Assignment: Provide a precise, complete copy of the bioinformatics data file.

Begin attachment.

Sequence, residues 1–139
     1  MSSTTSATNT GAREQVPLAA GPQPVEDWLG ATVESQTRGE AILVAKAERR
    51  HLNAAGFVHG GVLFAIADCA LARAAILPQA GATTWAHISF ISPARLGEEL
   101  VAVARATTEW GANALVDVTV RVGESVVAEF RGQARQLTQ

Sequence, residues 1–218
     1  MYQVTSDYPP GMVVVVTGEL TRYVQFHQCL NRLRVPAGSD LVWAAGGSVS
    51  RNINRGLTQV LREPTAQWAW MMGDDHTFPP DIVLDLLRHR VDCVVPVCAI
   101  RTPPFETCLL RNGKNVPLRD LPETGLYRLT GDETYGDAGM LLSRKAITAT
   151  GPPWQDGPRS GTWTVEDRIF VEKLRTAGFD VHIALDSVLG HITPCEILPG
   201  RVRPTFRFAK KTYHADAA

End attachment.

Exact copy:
Sequence, residues 1–139
     1  MSSTTSATNT GAREQVPLAA GPQPVEDWLG ATVESQTRGE AILVAKAERR
    51  HLNAAGFVHG GVLFAIADCA LARAAILPQA GATTWAHISF ISPARLGEEL
   101  VAVARATTEW GANALVDVTV RVGESVVAEF RGQARQLTQ

Sequence, residues 1–218
     1  MYQVTSDYPP GMVVVVTGEL TRYVQFHQCL NRLRVPAGSD LVWAAGGSVS
    51  RNINRGLTQV LREPTAQWAW MMGDDHTFPP DIVLDLLRHR VDCVVPVCAI
   101  RTPPFETCLL RNGKNVPLRD LPETGLYRLT GDETYGDAGM LLSRKAITAT
   151  GPPWQDGPRS GTWTVEDRIF VEKLRTAGFD VHIALDSVLG HITPCEILPG
   201  RVRPTFRFAK KTYHADAA